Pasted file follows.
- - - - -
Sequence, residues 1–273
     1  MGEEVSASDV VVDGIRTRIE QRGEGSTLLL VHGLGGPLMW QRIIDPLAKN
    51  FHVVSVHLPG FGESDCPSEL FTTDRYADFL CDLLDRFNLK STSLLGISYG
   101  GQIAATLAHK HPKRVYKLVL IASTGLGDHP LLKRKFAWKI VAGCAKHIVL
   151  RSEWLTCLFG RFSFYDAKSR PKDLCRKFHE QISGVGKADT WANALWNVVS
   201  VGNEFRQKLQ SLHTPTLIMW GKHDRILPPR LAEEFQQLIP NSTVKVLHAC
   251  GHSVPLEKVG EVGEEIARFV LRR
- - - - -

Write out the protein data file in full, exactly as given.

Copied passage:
Sequence, residues 1–273
     1  MGEEVSASDV VVDGIRTRIE QRGEGSTLLL VHGLGGPLMW QRIIDPLAKN
    51  FHVVSVHLPG FGESDCPSEL FTTDRYADFL CDLLDRFNLK STSLLGISYG
   101  GQIAATLAHK HPKRVYKLVL IASTGLGDHP LLKRKFAWKI VAGCAKHIVL
   151  RSEWLTCLFG RFSFYDAKSR PKDLCRKFHE QISGVGKADT WANALWNVVS
   201  VGNEFRQKLQ SLHTPTLIMW GKHDRILPPR LAEEFQQLIP NSTVKVLHAC
   251  GHSVPLEKVG EVGEEIARFV LRR